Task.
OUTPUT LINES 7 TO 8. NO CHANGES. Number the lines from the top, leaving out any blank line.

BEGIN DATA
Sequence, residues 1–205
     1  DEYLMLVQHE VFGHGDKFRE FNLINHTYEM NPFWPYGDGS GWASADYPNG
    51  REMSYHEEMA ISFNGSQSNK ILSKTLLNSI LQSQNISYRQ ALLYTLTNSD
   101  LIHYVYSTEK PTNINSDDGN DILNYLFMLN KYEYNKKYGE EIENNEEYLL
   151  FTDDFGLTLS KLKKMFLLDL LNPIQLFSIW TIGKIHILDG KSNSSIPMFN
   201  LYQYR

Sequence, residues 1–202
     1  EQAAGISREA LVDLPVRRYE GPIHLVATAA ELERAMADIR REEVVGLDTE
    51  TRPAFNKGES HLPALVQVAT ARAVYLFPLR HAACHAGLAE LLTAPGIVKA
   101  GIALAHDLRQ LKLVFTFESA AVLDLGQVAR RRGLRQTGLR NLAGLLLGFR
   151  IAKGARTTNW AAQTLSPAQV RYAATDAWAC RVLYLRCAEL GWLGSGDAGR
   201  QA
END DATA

Sequence, residues 1–202
     1  EQAAGISREA LVDLPVRRYE GPIHLVATAA ELERAMADIR REEVVGLDTE